7 Div. 305.
March 22, 1927.
Appeal from Circuit Court, Shelby County; E. S. Lyman, Judge.
Albert Smith was convicted of murder in the second degree, and he appeals. Reversed and remanded.
L. H. Ellis, of Columbiana, for appellant.
It is the duty of the court to see that a defendant is tried according to the law and the evidence, free from any appeal to prejudice or any other improper motive. Tannehill v. State, 159 Ala. 51, 48 So. 662; Stephens v. State, 17 Ala. App. 548, 86 So. 111; Standridge v. Martin, 203 Ala. 486, 84 So. 266. The fact that defendant left a widow and infant could shed no light on the issues involved; and argument by the solicitor based upon such matter is improper. Thomas v. State, 18 Ala. App. 268, 90 So. 878. Where counsel for the state persist in arguing pertinent facts not before the jury, or in appealing to prejudice foreign to the case and the evidence, a conviction procured thereby should be set aside on motion, or reversed on appeal. Rowe v. State, 20 Ala. App. 119, 101 So. 91; Whitfield v. State, 21 Ala. App. 490, 109 So. 524; Jones v. State, 21 Ala. App. 505, 109 So. 564.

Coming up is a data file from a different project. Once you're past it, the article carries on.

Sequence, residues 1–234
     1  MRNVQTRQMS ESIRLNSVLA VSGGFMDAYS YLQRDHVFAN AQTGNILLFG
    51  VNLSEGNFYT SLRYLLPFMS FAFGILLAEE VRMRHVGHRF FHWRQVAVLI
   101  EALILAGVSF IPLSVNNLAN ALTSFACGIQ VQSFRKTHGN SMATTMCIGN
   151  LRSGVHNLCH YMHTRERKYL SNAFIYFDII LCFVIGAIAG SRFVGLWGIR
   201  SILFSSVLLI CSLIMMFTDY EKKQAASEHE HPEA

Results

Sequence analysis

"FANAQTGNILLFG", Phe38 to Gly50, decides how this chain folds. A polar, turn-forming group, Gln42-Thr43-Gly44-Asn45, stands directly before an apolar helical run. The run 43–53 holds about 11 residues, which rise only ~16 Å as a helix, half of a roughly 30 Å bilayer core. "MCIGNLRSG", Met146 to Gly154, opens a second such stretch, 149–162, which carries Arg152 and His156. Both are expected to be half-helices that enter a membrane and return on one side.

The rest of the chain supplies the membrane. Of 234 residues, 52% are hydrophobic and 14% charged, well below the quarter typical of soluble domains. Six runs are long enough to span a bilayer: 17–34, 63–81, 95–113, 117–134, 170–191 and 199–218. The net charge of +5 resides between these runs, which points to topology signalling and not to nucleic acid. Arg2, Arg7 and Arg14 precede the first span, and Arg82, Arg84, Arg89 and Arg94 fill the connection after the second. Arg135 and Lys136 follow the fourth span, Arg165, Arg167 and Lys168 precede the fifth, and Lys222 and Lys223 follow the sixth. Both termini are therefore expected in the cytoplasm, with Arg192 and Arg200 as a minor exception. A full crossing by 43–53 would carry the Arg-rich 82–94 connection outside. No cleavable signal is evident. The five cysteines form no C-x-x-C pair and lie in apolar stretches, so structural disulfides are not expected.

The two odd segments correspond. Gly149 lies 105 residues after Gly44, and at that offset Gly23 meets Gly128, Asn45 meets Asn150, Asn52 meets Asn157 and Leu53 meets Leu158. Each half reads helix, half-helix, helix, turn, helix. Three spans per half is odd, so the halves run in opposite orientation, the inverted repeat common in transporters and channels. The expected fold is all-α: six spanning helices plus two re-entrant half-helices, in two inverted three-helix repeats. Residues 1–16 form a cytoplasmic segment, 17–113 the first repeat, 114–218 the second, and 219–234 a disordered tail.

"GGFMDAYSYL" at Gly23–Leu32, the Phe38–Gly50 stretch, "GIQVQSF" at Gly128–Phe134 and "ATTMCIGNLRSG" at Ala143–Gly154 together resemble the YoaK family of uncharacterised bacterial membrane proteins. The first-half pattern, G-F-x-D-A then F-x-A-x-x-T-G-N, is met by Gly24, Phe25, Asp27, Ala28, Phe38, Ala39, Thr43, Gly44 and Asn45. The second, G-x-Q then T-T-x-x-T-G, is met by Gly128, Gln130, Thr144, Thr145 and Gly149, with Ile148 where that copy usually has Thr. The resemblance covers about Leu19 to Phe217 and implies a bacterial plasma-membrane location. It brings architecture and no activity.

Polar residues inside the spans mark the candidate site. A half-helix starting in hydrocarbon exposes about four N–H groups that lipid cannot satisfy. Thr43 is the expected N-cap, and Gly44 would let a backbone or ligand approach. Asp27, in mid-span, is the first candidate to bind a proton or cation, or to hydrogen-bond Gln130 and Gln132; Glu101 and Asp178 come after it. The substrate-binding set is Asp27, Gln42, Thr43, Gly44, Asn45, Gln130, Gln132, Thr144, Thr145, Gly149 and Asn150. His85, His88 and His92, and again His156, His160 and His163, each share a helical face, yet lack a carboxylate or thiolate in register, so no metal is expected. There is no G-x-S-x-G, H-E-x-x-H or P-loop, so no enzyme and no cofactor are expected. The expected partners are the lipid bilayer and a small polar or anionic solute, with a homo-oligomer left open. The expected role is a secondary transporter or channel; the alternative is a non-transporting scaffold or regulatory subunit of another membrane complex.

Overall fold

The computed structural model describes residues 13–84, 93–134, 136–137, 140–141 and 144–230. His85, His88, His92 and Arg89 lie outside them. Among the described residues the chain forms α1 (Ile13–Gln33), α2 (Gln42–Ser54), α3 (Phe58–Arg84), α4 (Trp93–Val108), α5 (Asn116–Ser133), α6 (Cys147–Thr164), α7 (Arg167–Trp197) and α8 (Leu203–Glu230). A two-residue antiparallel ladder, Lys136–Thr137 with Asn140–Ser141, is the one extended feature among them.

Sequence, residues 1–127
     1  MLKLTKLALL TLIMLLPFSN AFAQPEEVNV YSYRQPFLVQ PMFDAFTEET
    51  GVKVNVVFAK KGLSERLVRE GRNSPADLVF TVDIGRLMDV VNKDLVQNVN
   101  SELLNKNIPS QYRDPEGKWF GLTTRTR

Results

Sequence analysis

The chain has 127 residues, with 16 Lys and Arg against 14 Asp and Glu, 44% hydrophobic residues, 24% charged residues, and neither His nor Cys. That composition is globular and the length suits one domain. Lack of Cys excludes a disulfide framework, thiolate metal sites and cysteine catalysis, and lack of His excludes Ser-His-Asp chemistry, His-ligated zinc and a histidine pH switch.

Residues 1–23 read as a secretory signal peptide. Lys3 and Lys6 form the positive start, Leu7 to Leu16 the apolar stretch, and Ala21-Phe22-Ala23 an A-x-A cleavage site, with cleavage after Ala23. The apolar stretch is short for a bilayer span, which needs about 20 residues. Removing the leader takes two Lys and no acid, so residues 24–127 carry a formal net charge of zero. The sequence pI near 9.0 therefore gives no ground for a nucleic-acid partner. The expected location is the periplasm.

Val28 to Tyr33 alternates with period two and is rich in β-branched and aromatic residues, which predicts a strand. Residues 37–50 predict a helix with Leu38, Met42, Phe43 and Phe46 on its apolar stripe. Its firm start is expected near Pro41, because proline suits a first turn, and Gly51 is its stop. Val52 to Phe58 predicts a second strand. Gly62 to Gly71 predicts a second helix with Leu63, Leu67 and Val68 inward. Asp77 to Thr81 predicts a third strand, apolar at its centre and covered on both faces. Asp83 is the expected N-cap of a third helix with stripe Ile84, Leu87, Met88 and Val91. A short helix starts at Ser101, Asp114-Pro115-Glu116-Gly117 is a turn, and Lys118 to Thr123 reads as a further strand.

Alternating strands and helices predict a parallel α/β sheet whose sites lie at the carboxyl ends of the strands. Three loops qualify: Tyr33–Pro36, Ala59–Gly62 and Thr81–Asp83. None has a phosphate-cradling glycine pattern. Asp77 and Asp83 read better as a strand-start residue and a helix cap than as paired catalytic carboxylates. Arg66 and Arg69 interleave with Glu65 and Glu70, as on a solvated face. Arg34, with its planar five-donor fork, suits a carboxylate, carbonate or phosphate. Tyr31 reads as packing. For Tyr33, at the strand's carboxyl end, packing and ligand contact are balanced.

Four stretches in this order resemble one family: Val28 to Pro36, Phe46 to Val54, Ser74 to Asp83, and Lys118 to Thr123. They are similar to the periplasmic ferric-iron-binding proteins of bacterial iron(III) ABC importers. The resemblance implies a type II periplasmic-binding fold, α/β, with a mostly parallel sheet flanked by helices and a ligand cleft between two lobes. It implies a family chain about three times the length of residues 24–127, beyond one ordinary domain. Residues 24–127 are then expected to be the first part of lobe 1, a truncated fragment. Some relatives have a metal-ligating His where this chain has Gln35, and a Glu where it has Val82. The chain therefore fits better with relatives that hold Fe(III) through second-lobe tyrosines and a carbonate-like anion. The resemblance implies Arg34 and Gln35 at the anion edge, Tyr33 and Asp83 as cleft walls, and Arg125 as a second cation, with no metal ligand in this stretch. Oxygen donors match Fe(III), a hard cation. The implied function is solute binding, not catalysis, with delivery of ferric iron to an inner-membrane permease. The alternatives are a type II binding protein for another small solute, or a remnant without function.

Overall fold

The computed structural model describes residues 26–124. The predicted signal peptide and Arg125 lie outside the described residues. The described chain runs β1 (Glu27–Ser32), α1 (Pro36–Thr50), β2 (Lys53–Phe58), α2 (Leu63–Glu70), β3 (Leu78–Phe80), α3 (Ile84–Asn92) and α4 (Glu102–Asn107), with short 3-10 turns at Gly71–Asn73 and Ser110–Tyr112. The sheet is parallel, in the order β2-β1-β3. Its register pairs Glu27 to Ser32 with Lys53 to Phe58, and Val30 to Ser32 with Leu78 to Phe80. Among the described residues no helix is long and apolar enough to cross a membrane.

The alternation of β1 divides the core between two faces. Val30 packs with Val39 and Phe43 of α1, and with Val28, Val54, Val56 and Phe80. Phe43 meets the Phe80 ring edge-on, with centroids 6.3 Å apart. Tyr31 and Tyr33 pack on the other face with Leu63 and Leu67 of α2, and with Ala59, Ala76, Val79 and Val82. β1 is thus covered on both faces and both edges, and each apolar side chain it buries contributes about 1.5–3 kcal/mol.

Harwell G. Davis, Atty. Gen., for the State.
Brief of counsel did not reach the Reporter.
The defendant was placed on trial under an indictment charging murder in the first degree. His plea was self-defense, and, of course, the general plea of not guilty. The issue was clear and well defined. It was admitted that defendant shot the deceased with a double-barrel shotgun, from the effects of which he died.
Evidence as to when and where the shooting took place, and all of the facts within the res gestæ, were admissible, both to establish the crime on the part of the state and any facts justifying defendant in taking the life of the deceased when and how he did. As to this part of the case it was competent for the state to prove by Dr. Givhan, who qualified as a surgical expert, and who examined the wounds of the dead man, the location of the wounds, the range of the bullets, and their probable effect. But it was error to allow the doctor to testify in what position deceased was at the time the loads of shot hit him. The relative position of the parties at the time of the homicide are conclusions to be drawn by the jury from the evidence, and is not within the realm of testimony to be given by medical experts. Rigell v. State, 8 Ala. App. 46, 62 So. 977; Gotcher v. State, 19 Ala. App. 269, 97 So. 111.
When the witness Eunice Lucas was testifying in behalf of the state, she testified that her feelings towards Bradford, the deceased, were bad. It thereupon became relevant for the defendant to prove that the relationship between Eunice Lucas was not only friendly, but intimate, as tending to show interest and bias, in the prosecution of the person charged with the murder of her friend and intimate. 12 Mich. Dig. p. 1280, par. 281.